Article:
In this presentation, which can be tailored to different audiences and focus on specific subsets of the broader theme, Zittrain explores ways in which AI is already reshaping the world and how it might change in the future. Companies need to develop a deeper understanding of which aspects of AI will be most transformative and how they can respond; what they should embrace and what is merely a passing fad; and the reputational and ethical risks inherent in the technology, and how they can create a framework for containing or addressing them.

The Future of Work

Concern for the displacement of human jobs by AI is pervasive in social, cultural and political discourse. A combination of artificial intelligence, the rise of digital platforms and the “gig” economy has caused companies to struggle both with disruptive technology and having to compete with rivals who are able to reap greater profits with little overhead, while governments scramble to devise a new framework for an economy that is prosperous for some and insecure for many. Internet pioneer and new technology expert Jonathan Zittrain draws upon both his own research and his experience participating in the digital economy to help companies understand AI, automation and the long-term prospects for human employment. Zittrain argues that the focus should not be on preserving traditional jobs but on creating the best possible framework for companies and individuals to reap the rewards of platforms, AI and automation. In doing so, we can channel freed-up human activity into creative, productive and self-fulfilling tasks. In the future, says Zittrain, humanity can increase productive creativity while outsourcing many routine functions to AI. But we do have to ensure in the present that this future of work will help rather than harm most people.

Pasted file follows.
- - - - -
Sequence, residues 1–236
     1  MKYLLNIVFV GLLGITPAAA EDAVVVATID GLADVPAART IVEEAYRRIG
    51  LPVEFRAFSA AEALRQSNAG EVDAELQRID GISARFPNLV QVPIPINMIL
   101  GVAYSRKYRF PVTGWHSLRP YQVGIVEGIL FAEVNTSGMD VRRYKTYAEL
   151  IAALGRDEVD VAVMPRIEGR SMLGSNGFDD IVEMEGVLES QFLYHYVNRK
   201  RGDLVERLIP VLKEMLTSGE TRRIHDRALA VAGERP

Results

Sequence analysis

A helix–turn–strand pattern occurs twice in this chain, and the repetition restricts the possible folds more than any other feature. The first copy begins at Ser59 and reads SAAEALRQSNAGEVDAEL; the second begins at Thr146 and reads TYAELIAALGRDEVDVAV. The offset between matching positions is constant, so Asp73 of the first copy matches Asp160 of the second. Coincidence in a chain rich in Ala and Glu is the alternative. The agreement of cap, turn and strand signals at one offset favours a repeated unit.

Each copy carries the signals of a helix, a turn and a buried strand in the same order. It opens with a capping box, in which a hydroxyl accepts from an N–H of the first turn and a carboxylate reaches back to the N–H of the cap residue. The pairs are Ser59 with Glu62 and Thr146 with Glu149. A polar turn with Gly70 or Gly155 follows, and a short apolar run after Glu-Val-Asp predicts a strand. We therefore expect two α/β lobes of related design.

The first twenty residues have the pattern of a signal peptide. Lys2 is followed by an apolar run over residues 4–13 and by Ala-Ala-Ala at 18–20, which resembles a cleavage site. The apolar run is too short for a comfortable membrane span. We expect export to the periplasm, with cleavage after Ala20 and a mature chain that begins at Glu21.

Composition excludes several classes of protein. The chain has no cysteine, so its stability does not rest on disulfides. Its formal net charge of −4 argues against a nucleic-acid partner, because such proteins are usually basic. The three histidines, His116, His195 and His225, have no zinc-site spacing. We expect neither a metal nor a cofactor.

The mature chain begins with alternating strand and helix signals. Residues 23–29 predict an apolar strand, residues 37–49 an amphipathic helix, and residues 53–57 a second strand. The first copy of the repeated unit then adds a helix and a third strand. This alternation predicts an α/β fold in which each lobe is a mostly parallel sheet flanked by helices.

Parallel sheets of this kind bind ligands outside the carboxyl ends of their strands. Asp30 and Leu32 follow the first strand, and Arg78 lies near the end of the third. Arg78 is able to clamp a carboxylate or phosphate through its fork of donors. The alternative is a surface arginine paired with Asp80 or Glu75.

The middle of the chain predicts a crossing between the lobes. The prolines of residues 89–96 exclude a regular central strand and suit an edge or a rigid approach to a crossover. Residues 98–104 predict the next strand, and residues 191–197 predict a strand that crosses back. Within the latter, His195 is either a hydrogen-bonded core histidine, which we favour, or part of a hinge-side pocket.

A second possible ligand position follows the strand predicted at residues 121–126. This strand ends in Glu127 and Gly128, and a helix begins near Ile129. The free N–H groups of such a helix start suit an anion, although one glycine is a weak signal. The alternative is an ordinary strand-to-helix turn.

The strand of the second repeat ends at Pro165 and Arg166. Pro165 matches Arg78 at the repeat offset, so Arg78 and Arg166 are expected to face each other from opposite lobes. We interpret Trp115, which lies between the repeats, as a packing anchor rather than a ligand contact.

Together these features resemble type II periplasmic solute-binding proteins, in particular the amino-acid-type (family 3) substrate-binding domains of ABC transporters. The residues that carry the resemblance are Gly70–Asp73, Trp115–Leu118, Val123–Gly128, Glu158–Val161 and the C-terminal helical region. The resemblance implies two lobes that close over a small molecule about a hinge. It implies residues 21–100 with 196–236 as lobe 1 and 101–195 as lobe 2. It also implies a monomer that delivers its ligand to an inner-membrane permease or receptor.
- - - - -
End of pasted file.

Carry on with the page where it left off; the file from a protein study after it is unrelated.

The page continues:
How Tech Companies Can (And Should) Protect Our Privacy

Over the past decade, our lives have been transformed by social media. Suddenly, we could connect, share information and network with others, all for free. Except it wasn’t free. Instead of paying money, we were exchanging our personal data – and compromising our own cybersecurity – for the ability to easily share online. This has been increasingly problematic as consumers realize – thanks to dramatic scandals and data breaches – how much their own privacy and security have been compromised.

Companies which have access to our information, says Zittrain, should be held to the same standard as doctors, lawyers and other professionals to whom similarly sensitive details about our personal lives are available. Rather than tech companies changing (or being forced to change) their business models wholesale, they can instead embrace a “fiduciary” responsibility to their customers. As threats become more extensive and malicious, digital firms’ protection of our data will become a matter of basic cybersecurity in addition to one of personal privacy, and penalties for not guaranteeing safety will be severe. This presentation is geared toward companies who want to leave a legacy of having changed the world for the better and succeeded financially, as well as the policymakers who are weighing options to deal with those businesses who do not have the desire or ability to embrace change.